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S.J. Breschini and T.K. Hartz

Trials were conducted in 15 commercial fields in the central coast region of California in 1999 and 2000 to evaluate the use of presidedress soil nitrate testing (PSNT) to determine sidedress N requirements for production of iceberg and romaine lettuce (Lactuca sativa L.). In each field a large plot (0.2-1.2 ha) was established in which sidedress N application was based on presidedress soil NO3-N concentration. Prior to each sidedress N application scheduled by the cooperating growers, a composite soil sample (top 30 cm) was collected and analyzed for NO3-N. No fertilizer was applied in the PSNT plot at that sidedressing if NO3-N was >20 mg·kg-1; if NO3-N was lower than that threshold, only enough N was applied to increase soil available N to ≈20 mg·kg-1. The productivity and N status of PSNT plots were compared to adjacent plots receiving the growers' standard N fertilization. Cooperating growers applied a seasonal average of 257 kg·ha-1 N, including one to three sidedressings containing 194 kg·ha-1 N. Sidedressing based on PSNT decreased total seasonal and sidedress N application by an average of 43% and 57%, respectively. The majority of the N savings achieved with PSNT occurred at the first sidedressing. There was no significant difference between PSNT and grower N management across fields in lettuce yield or postharvest quality, and only small differences in crop N uptake. At harvest, PSNT plots had on average 8 mg·kg-1 lower residual NO3-N in the top 90 cm of soil than the grower fertilization rate plots, indicating a substantial reduction in subsequent NO3-N leaching hazard. We conclude that PSNT is a reliable management tool that can substantially reduce unnecessary N fertilization in lettuce production.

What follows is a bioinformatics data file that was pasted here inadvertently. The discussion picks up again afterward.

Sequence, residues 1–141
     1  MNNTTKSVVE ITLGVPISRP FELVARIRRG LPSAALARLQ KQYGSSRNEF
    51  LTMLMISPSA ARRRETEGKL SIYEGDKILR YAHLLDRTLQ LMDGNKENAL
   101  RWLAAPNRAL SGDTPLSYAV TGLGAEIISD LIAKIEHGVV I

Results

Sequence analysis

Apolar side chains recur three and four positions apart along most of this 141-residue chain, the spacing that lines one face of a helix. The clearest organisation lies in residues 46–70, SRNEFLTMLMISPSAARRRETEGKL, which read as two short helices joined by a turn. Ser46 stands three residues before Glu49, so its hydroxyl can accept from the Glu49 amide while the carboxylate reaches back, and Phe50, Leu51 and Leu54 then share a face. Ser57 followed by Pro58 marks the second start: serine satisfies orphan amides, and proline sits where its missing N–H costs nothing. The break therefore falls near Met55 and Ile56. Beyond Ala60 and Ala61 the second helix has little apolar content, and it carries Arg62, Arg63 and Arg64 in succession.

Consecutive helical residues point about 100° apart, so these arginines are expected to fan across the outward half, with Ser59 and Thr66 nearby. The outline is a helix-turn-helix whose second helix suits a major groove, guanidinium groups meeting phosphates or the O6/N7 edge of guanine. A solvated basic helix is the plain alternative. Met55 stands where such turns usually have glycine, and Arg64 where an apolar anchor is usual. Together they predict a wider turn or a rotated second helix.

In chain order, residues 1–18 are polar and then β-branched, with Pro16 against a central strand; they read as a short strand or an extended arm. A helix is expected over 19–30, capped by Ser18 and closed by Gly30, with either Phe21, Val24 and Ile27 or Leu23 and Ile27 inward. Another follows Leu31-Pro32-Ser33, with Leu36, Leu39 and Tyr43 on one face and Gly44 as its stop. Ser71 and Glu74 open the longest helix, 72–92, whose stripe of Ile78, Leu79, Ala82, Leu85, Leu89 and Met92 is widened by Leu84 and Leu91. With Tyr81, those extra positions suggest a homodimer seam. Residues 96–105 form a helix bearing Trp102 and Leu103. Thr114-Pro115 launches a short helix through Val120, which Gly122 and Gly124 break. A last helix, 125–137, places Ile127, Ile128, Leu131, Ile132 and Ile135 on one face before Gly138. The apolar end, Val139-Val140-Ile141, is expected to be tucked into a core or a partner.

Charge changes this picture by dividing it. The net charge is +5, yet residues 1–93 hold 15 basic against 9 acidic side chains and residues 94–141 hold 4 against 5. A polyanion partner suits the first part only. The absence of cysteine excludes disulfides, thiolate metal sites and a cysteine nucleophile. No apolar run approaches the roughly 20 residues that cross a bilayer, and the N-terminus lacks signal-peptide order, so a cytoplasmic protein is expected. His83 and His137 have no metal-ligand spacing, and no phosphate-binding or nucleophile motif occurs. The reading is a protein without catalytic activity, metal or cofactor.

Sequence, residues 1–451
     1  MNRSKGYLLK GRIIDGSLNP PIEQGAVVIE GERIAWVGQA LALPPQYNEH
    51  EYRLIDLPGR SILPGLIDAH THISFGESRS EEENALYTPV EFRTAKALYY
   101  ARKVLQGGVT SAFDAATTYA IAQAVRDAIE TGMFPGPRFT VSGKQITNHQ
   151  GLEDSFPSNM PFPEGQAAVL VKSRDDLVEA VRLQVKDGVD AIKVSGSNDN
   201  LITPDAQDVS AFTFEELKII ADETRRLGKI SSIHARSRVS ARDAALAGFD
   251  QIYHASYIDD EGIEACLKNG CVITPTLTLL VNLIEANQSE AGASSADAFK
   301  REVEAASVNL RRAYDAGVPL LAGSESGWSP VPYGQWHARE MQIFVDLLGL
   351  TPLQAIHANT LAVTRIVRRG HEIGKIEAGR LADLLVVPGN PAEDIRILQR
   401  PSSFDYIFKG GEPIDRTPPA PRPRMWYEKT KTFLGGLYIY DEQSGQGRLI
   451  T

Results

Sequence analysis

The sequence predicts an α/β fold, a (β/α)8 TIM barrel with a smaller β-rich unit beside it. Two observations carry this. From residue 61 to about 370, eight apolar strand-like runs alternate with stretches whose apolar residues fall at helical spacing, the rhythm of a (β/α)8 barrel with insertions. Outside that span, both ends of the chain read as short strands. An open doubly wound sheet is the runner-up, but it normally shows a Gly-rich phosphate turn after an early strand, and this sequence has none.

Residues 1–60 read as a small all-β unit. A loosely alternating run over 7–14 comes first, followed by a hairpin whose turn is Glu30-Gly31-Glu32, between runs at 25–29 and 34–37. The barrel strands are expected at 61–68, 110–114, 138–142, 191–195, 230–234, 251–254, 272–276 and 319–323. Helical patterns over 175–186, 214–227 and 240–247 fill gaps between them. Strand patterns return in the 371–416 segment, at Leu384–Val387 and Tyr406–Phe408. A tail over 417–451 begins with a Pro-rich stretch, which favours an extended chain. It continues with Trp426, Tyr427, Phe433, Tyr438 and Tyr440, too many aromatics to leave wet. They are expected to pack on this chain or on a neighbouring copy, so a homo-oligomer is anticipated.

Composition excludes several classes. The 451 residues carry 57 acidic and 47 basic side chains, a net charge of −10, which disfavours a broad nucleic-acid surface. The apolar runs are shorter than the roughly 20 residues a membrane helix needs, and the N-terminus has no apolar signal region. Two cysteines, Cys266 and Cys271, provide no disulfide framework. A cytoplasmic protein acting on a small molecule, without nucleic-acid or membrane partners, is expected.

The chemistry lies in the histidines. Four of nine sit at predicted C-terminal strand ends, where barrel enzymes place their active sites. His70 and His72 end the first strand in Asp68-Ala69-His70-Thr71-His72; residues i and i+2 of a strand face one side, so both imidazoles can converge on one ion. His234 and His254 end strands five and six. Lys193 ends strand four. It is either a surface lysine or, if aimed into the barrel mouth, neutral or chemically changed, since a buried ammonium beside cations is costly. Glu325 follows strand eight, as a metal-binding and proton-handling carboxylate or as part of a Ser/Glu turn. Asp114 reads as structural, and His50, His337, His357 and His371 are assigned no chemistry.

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P.R. Johnstone and T.K. Hartz*

Heavy P fertilization of vegetable crops in the Salinas Valley of California have increased soil P levels, with > 50 mg·kg-1 bicarbonate-extractable P (Pbc) now common. To evaluate the response of lettuce (Lactuca sativa L.) to P fertilization in fields with elevated soil P levels, 12 trials were conducted in commercial fields during 2002-2003. Pbc at the trial sites varied from 53-171 mg·kg-1. In each trial four replicate plots receiving the growers' P application were compared with paired plots in which no P was applied. Leaf P was monitored at cupping stage and at harvest. At harvest mean whole plant mass and % of marketable plants were recorded. The correlation of Pbc to bioavailable P (Pba) was evaluated using 30 representative Salinas Valley soils; Pbc varied among these soils from 15-177 mg·kg-1. Pba was estimated by P adsorption on an anion resin membrane during a 16 h incubation. The effect of temperature on P bioavailability in 6 of these soils was estimated by conducting the Pba incubation at 5, 15 and 25 °C. A significant increase in lettuce yield with P fertilization was achieved at only one trial site, a spring planting where Pbc was 54 mg kg-1 ; at all other sites, including 3 with Pbc < 60 mg kg-1, P application resulted in no agronomic benefit. P application resulted in only a marginal increase in plant P uptake. Pba was highly correlated with Pbc (r = 0.89). Pba increased approximately 40% across soils with each 10 °C increase in soil temperature.

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P.R. Johnstone and T.K. Hartz*